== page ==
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MOVIES: Eternals - Review



Chlo√© Zhao’s Songs My Brothers Taught Me, The Rider and Nomadland are some of the finest movies of the last few years – her visionary masterpieces that would eventually lead to an Oscar-win are nothing short of peerless, and whilst to see her turn to Marvel was an outside-the-box choice from both producer and director given her independent creative freedom that came with her arthouse sensibilities – the battle of machine line versus gifted auteur has been a battle often won out by the production line machine as of late, there was the potential for something truly unique and different in a crowded field.

Unfortunately, despite there being traces of Zhao all over this from the inclusive casting to the golden-hour Terrence Malickian shots, Eternals feels oh-so-very much a victim of the production line – a by-the-numbers attempt at putting a superhero team together in a way that pastiches pretty much every other movie that puts a superhero team together, as the Eternals – who were sent to Earth to protect it by their master at the dawn of humanity but since separated and are now living among us in the present – are called upon by one of their own to defend it from a threat that could destroy the planet despite hiding in the shadows for centuries.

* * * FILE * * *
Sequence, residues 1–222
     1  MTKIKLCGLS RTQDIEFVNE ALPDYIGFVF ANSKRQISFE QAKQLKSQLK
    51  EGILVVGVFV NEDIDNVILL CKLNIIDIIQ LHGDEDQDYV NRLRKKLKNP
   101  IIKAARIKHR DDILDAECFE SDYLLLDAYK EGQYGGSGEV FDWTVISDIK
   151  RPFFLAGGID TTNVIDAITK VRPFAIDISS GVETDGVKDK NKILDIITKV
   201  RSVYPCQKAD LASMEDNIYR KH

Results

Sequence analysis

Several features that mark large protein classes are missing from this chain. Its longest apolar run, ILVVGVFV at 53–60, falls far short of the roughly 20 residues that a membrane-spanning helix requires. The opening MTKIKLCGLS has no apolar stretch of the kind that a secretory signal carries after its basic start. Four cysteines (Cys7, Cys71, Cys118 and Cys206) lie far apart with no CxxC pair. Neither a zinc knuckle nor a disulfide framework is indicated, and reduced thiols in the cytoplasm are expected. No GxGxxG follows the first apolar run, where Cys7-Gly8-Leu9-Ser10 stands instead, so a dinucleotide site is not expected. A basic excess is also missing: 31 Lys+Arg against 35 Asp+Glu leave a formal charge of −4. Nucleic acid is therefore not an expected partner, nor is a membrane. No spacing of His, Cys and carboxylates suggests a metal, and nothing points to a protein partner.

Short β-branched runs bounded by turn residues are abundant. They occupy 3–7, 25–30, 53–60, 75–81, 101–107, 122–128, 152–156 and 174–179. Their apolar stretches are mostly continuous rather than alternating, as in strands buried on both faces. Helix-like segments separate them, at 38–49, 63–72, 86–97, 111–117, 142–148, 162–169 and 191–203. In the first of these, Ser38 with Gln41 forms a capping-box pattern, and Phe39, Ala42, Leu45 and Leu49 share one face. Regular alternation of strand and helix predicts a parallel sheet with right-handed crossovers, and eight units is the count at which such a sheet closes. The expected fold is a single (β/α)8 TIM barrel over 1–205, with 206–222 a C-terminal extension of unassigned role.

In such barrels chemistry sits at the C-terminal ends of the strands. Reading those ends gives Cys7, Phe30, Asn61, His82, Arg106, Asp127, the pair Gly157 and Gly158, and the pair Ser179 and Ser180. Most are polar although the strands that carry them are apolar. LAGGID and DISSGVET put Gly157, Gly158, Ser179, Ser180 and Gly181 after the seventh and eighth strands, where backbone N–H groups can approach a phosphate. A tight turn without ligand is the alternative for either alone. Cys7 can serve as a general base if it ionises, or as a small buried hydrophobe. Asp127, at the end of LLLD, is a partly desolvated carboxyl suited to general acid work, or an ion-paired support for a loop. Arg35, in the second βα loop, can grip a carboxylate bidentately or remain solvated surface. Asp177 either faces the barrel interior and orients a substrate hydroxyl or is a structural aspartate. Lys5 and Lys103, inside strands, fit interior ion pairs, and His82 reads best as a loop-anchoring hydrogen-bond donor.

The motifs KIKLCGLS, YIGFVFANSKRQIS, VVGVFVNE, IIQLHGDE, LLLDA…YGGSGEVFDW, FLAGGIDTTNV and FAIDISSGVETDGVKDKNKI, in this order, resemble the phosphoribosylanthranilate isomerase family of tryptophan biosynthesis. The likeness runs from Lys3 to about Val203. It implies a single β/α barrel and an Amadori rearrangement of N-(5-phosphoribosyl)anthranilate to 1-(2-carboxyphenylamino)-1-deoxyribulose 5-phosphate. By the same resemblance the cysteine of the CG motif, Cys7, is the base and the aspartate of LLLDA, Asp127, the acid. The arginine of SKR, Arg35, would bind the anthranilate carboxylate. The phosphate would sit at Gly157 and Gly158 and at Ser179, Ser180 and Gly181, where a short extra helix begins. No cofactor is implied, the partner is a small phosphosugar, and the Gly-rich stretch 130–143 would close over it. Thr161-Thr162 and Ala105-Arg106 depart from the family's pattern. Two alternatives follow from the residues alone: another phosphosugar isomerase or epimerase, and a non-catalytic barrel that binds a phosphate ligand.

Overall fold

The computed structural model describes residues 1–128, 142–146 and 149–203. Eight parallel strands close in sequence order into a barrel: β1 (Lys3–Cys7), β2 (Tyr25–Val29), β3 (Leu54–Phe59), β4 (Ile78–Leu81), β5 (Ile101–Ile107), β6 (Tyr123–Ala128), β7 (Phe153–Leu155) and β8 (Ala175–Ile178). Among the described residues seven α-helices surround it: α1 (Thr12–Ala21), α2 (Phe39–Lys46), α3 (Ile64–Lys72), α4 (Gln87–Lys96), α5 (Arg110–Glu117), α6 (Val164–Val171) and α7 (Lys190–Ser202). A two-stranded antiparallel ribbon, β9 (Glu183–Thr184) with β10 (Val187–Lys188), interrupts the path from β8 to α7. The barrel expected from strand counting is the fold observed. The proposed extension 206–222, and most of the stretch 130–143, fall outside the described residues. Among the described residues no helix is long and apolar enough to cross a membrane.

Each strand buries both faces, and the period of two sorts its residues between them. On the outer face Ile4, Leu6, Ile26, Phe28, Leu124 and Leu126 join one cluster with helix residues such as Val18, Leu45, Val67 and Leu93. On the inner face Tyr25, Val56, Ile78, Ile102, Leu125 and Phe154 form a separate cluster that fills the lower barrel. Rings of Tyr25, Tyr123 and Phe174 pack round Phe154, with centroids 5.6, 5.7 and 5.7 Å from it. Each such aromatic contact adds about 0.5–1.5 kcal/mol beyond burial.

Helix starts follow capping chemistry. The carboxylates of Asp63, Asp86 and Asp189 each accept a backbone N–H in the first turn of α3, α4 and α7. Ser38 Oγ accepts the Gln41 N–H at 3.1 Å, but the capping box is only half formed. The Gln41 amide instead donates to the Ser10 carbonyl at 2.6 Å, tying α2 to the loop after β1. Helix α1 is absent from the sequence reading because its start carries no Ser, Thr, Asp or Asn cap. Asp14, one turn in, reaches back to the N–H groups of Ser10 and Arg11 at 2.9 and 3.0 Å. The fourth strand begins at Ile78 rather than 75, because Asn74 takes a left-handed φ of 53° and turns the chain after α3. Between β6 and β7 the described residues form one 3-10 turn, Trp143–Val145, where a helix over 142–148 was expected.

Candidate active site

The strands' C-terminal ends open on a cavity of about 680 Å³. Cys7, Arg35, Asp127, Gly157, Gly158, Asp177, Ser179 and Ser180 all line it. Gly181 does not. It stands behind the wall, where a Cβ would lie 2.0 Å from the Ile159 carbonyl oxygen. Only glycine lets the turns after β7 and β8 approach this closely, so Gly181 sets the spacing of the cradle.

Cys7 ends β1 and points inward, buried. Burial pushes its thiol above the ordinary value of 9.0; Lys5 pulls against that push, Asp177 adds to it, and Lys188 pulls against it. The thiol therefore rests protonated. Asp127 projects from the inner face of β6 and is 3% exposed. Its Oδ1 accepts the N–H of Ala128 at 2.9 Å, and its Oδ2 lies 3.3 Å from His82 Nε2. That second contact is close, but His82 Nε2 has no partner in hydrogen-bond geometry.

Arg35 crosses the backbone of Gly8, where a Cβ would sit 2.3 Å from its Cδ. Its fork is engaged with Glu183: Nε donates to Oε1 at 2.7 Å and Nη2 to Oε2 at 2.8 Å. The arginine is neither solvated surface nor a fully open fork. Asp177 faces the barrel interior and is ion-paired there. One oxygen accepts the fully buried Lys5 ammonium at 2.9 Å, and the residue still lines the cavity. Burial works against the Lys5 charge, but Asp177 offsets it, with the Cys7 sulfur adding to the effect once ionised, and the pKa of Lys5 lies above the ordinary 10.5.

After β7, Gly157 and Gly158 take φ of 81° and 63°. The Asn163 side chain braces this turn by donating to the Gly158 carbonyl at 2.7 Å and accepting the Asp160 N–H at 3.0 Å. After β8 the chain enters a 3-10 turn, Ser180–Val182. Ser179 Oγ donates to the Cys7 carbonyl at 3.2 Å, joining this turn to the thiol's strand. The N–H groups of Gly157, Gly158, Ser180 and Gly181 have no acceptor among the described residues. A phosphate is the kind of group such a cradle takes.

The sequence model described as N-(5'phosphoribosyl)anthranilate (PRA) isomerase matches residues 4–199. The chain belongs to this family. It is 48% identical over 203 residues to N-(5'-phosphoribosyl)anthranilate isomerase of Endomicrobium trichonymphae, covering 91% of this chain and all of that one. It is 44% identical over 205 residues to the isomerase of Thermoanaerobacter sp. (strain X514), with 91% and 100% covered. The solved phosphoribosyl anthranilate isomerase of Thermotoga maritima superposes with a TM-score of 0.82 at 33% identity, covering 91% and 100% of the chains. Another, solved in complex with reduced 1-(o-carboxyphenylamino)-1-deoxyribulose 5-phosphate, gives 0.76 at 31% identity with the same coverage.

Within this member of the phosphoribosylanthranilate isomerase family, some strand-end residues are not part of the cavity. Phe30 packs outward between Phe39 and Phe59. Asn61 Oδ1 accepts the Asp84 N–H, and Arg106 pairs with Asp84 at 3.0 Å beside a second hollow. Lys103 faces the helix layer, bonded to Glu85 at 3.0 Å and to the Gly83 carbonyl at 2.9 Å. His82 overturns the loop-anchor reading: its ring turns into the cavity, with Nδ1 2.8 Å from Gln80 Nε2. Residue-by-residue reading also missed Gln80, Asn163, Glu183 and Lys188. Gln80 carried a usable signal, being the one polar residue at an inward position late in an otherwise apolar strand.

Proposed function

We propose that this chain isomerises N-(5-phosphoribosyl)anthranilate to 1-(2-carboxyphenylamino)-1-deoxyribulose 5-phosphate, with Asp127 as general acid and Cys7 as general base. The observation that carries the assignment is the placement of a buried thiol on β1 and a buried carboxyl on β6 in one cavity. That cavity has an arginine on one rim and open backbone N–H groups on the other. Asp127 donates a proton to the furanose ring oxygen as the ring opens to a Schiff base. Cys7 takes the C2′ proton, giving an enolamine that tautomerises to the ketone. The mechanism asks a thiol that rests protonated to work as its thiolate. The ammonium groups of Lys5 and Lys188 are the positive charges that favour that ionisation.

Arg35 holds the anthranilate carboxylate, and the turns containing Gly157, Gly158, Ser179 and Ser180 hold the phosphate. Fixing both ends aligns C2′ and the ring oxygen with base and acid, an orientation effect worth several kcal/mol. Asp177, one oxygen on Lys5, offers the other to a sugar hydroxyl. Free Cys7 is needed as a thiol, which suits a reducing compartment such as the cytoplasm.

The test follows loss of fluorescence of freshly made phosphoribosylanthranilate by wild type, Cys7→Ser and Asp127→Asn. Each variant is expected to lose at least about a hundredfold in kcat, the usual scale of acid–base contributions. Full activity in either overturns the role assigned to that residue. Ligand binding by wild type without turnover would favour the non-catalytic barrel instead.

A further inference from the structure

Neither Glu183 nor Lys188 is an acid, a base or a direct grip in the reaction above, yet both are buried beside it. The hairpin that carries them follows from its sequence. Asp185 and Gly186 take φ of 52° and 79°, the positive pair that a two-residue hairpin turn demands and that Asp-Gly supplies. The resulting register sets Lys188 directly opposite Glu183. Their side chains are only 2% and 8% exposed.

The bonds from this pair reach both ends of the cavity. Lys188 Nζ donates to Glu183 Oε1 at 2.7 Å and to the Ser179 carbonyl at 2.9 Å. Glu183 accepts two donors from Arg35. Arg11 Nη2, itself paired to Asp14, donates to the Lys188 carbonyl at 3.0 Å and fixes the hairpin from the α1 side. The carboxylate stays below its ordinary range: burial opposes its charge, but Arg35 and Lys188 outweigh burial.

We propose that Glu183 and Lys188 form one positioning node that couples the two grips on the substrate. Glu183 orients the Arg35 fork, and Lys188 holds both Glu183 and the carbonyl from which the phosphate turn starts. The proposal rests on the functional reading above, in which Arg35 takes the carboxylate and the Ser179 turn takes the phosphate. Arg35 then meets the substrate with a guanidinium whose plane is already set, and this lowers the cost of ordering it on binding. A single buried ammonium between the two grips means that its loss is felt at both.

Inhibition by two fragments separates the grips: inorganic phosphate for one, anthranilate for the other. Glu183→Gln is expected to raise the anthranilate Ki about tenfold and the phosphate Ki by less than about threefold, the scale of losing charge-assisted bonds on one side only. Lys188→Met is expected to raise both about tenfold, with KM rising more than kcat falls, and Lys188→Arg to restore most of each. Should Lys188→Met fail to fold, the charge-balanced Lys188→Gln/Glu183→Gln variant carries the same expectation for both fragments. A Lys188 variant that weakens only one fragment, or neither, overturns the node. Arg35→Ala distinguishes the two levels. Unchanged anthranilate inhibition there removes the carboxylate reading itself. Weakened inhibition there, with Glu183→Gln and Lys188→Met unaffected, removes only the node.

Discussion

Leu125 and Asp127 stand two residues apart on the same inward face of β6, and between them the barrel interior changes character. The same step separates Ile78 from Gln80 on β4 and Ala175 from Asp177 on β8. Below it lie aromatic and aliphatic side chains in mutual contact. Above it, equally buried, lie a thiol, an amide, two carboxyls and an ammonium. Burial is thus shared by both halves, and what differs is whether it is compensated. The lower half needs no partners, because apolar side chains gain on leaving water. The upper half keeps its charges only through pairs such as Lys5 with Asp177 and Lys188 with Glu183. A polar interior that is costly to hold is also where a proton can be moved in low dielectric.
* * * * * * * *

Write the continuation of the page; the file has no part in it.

The impressive, truly global casting has echoes of the Wachowski sisters’ truly inclusive free spirit that was Netflix’s best series – Sense8 – but the fact that it doesn’t actually do anything with the characters robs it of the uniqueness of that show – there’s no heart, there’s no magic here – these characters all universally end up feeling flat. Gemma Chan’s Sersi plays a teacher in London (introduced typically with the lazy London landmarks that have become a tired clich√©) who finds herself attacked by Deviants – aliens of mysterious origin hellbent on invading Earth – the only things that they’re allowed to intervene on Earth to stop, when a Superman stand-in, Richard Madden’s Ikaris – shows up triumphantly to save the day. The Superman comparisons aren’t subtle, Zhao has cited Zack Snyder’s Man of Steel as an influence on the flying superhero, but also the heavy influences of modern superhero dramas lie heavy here – Eternals almost feels revisionist in the same way that The Suicide Squad felt even if it lacks the bite of James Gunn’s film, if that was the superhero movie equivalent of The Wild Bunch, Eternals feels of a similar mould, born of the boom that was The Boys, Injustice and Watchmen – fans of all three will find themselves at home here, although it pales in comparison to Damon Lindelof’s masterpiece of a television series.